Springfield, Illinois is the Land of Lincoln and in case you forget, there are signs everywhere that will remind you. We focused our sightseeing on this aspect of the city. We also visited the cemetery where my Grandparents are buried.
On the first day, we finally found our stand alone Godfather’s Pizza restaurant! We had a nice lunch and Anthony even got his beloved streusel pizza (the gas station one didn’t have it). All was well with the world.
Lincoln Library and Museum
We went to the library first. It’s free to look at everything on the first floor and the research room is available to the public upon request. Unless you are doing research, there isn’t much to see here except some pictures on the wall and a few things in glass cases.
The museum is directly across the street from the library (it’s not free). It’s pretty easy to spot since there is a 31-foot statue of Abraham Lincoln out in front. He is standing next to a modern day man holding the Gettysburg address in his hands. Lincoln appears to be talking to the man. The symbolism is that Lincoln’s words in his famous speech are still relevant to us today.
The museum itself is amazing. They did an absolutely fantastic job on everything in here. You can follow his life from childhood all the way up to his assassination.
Each display has incredible life like scenes with wax figures. It’s hard to explain and the pictures don’t do it justice. This is just something you have to see for yourself. It’s well worth the cost of admission, trust me on that. ($15.00 for adults and $6.00 for children 5-15).
We don’t buy souvenirs everywhere we go but as soon as we walked into the museum gift shop, I knew I had to have this magnet.
When I was six years old, my family and I visited Springfield and took a tour of the Lincoln house. All these years the only thing I have been able to remember from that visit was seeing an unfinished game of chess in the living room. I clearly remember thinking that Abraham Lincoln abandoned his game of chess to go to Washington D. C and be President.
The house is really interesting. According to our tour guide, 80% of the contents of the house are from the time period the Lincoln’s lived there (1844-1861). Many things in the house belonged to the Lincoln family and are displayed where they had them.
We had a great tour guide who told us a lot of stories and gave us a fascinating glimpse of what life was like for the Lincoln family when they were there. You can easily imagine Mary walking in and saying “who are you and what are you doing here?” if not for the fact it’s clearly 2019, she’s been dead for 137 years and you have to stand behind railings to look at the rooms.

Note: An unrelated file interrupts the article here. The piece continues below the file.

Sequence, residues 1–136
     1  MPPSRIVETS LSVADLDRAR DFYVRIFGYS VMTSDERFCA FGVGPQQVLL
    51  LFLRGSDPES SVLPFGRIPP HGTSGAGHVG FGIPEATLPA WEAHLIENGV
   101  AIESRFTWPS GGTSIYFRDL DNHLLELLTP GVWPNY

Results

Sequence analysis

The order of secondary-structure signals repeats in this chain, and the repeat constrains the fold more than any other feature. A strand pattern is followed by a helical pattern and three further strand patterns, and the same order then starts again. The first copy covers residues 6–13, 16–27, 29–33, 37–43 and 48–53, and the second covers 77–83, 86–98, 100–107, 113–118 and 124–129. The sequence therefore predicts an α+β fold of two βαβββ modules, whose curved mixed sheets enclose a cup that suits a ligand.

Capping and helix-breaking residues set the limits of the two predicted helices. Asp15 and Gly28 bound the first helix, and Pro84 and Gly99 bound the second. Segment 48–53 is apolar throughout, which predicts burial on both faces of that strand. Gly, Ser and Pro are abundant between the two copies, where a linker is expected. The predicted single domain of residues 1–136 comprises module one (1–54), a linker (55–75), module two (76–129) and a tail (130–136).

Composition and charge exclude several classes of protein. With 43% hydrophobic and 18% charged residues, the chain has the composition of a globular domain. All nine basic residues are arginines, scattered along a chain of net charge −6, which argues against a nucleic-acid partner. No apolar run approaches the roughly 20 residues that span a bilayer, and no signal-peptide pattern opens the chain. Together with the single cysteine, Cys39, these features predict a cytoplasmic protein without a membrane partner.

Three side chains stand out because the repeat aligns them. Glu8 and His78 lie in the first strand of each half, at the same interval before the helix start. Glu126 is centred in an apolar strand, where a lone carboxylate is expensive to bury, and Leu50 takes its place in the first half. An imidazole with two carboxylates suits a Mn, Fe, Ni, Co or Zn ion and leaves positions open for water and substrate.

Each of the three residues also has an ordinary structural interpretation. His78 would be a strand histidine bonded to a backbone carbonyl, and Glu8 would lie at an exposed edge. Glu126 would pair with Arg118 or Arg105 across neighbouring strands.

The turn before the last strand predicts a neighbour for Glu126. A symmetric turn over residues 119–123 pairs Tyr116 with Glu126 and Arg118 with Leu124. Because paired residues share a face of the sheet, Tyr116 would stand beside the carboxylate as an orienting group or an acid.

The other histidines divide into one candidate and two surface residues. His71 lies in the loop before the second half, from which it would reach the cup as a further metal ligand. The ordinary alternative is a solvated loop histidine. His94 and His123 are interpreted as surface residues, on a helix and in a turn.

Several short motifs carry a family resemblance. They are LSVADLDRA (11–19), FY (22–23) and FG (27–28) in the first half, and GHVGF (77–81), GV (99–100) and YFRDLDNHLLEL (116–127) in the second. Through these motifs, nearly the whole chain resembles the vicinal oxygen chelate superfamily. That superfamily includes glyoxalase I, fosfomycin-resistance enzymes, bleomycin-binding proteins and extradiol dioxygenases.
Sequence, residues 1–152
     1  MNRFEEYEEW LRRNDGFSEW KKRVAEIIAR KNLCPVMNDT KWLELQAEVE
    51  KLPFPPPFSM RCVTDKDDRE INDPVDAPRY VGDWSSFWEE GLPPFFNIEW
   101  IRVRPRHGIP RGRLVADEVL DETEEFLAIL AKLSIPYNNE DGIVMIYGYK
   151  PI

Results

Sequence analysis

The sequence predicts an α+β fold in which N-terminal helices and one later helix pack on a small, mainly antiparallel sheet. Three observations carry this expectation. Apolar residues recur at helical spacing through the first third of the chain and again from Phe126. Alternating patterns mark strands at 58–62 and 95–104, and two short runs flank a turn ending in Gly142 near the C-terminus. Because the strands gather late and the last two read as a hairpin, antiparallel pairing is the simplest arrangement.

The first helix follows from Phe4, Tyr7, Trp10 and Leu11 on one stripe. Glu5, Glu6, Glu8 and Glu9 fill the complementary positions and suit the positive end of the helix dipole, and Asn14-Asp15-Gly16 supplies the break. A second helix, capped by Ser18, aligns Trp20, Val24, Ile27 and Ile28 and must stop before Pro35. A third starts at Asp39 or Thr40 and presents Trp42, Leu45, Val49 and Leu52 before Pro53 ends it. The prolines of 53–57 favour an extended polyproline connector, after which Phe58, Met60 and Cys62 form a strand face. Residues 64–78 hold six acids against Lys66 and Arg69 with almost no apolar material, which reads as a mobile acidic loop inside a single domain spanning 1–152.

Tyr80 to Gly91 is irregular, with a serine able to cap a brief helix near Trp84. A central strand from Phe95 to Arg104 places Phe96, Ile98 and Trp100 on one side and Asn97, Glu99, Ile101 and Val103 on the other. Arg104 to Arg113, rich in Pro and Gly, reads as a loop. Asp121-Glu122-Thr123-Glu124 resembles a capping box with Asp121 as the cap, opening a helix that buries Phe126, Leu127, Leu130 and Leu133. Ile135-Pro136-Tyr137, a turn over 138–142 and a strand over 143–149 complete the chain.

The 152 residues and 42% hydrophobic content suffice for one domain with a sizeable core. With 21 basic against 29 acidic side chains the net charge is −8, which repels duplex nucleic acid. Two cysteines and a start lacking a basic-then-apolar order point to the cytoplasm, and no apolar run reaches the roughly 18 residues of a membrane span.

The tour of the house is free but parking is $2.00 an hour. There are other old houses surrounding it that people can take self guided tours of (we decided to skip those). The streets surrounding the house are blocked off from traffic so people are free to wander around and take in all the history they want. It’s a pretty neat place.
Lincoln Monument and Tomb
The final resting place of most of the Lincoln family is at Oak Ridge Cemetery (oldest son Robert is buried at Arlington National Cemetery). If you go during opening hours, you can walk into the monument, walk down a long hallway and enter the room in the back where the Lincoln family is buried.
Lincoln’s headstone is 7 tons of marble and his coffin is buried 10 feet below and several inches behind in a steel cage covered with cement. They took a lot of extra security measures after someone tried to steal his body in 1876 (they wanted to hold it for ransom).
Mary and sons Edward, William and Thomas (Tad) are laid to rest in crypts in the wall located directly across from Lincoln’s headstone.
Tribute to Grandma
My paternal Grandparents are buried in a cemetery in Lincoln Illinois, a short drive from our hotel in Springfield. I never knew Grandpa because he died before I was born. Grandma died eight years ago at the age of ninety. I know she would prefer I focus on her life so that’s what I’m going to do here.
Grandma was an incredibly strong, kind, deeply family oriented woman who loved Jesus. She continues to be a huge example to me because I still remember a lot of the things I learned from her. I’ll always be thankful she was at my wedding (she was the only grandparent I had left at that point) and that she knew my kids (they were six and three when she passed).
Katie still has a stuffed penguin that Grandma gave her on one of our last visits with her. It’s named Margaret, after Grandma. Katie brought Margaret the penguin with her when we visited the cemetery. We love and miss you, Grandma!
Next stop, St Louis! If you have any questions or comments please leave them below. Take care!